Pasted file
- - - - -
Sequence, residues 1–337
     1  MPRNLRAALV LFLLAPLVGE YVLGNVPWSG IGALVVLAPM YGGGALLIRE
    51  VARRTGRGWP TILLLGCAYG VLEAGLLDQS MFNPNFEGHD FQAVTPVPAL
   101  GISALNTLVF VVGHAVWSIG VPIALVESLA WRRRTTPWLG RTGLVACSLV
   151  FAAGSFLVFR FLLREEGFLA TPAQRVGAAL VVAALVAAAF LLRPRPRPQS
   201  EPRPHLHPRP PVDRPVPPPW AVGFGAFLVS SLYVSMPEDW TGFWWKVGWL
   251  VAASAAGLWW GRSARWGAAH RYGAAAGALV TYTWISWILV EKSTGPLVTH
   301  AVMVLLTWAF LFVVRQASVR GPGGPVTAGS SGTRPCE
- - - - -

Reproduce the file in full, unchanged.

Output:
Sequence, residues 1–337
     1  MPRNLRAALV LFLLAPLVGE YVLGNVPWSG IGALVVLAPM YGGGALLIRE
    51  VARRTGRGWP TILLLGCAYG VLEAGLLDQS MFNPNFEGHD FQAVTPVPAL
   101  GISALNTLVF VVGHAVWSIG VPIALVESLA WRRRTTPWLG RTGLVACSLV
   151  FAAGSFLVFR FLLREEGFLA TPAQRVGAAL VVAALVAAAF LLRPRPRPQS
   201  EPRPHLHPRP PVDRPVPPPW AVGFGAFLVS SLYVSMPEDW TGFWWKVGWL
   251  VAASAAGLWW GRSARWGAAH RYGAAAGALV TYTWISWILV EKSTGPLVTH
   301  AVMVLLTWAF LFVVRQASVR GPGGPVTAGS SGTRPCE